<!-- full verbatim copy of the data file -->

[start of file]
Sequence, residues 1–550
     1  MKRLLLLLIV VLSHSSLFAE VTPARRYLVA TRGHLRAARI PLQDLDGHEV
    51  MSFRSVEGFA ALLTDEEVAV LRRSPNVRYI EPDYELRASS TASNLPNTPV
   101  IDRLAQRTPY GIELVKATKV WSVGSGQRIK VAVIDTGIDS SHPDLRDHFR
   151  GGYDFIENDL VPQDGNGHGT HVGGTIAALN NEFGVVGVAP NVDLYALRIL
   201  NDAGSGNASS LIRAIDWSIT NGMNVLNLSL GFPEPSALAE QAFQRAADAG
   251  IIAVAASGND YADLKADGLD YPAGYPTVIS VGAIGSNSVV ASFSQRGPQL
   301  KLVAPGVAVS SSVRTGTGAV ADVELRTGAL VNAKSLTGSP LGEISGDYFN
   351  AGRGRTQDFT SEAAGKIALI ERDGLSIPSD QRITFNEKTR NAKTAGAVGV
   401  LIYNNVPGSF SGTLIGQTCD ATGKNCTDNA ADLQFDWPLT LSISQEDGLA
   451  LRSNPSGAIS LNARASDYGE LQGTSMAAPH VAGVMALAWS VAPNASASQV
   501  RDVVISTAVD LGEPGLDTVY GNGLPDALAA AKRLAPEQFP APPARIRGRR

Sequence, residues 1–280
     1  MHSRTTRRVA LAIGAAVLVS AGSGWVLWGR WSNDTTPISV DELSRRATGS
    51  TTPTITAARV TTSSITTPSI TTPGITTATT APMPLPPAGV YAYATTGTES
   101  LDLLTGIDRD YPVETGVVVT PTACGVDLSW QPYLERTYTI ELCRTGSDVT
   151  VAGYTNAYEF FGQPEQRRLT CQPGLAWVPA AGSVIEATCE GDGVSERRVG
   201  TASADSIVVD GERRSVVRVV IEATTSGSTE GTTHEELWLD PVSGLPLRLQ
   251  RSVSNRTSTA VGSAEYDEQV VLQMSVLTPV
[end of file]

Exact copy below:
Sequence, residues 1–550
     1  MKRLLLLLIV VLSHSSLFAE VTPARRYLVA TRGHLRAARI PLQDLDGHEV
    51  MSFRSVEGFA ALLTDEEVAV LRRSPNVRYI EPDYELRASS TASNLPNTPV
   101  IDRLAQRTPY GIELVKATKV WSVGSGQRIK VAVIDTGIDS SHPDLRDHFR
   151  GGYDFIENDL VPQDGNGHGT HVGGTIAALN NEFGVVGVAP NVDLYALRIL
   201  NDAGSGNASS LIRAIDWSIT NGMNVLNLSL GFPEPSALAE QAFQRAADAG
   251  IIAVAASGND YADLKADGLD YPAGYPTVIS VGAIGSNSVV ASFSQRGPQL
   301  KLVAPGVAVS SSVRTGTGAV ADVELRTGAL VNAKSLTGSP LGEISGDYFN
   351  AGRGRTQDFT SEAAGKIALI ERDGLSIPSD QRITFNEKTR NAKTAGAVGV
   401  LIYNNVPGSF SGTLIGQTCD ATGKNCTDNA ADLQFDWPLT LSISQEDGLA
   451  LRSNPSGAIS LNARASDYGE LQGTSMAAPH VAGVMALAWS VAPNASASQV
   501  RDVVISTAVD LGEPGLDTVY GNGLPDALAA AKRLAPEQFP APPARIRGRR

Sequence, residues 1–280
     1  MHSRTTRRVA LAIGAAVLVS AGSGWVLWGR WSNDTTPISV DELSRRATGS
    51  TTPTITAARV TTSSITTPSI TTPGITTATT APMPLPPAGV YAYATTGTES
   101  LDLLTGIDRD YPVETGVVVT PTACGVDLSW QPYLERTYTI ELCRTGSDVT
   151  VAGYTNAYEF FGQPEQRRLT CQPGLAWVPA AGSVIEATCE GDGVSERRVG
   201  TASADSIVVD GERRSVVRVV IEATTSGSTE GTTHEELWLD PVSGLPLRLQ
   251  RSVSNRTSTA VGSAEYDEQV VLQMSVLTPV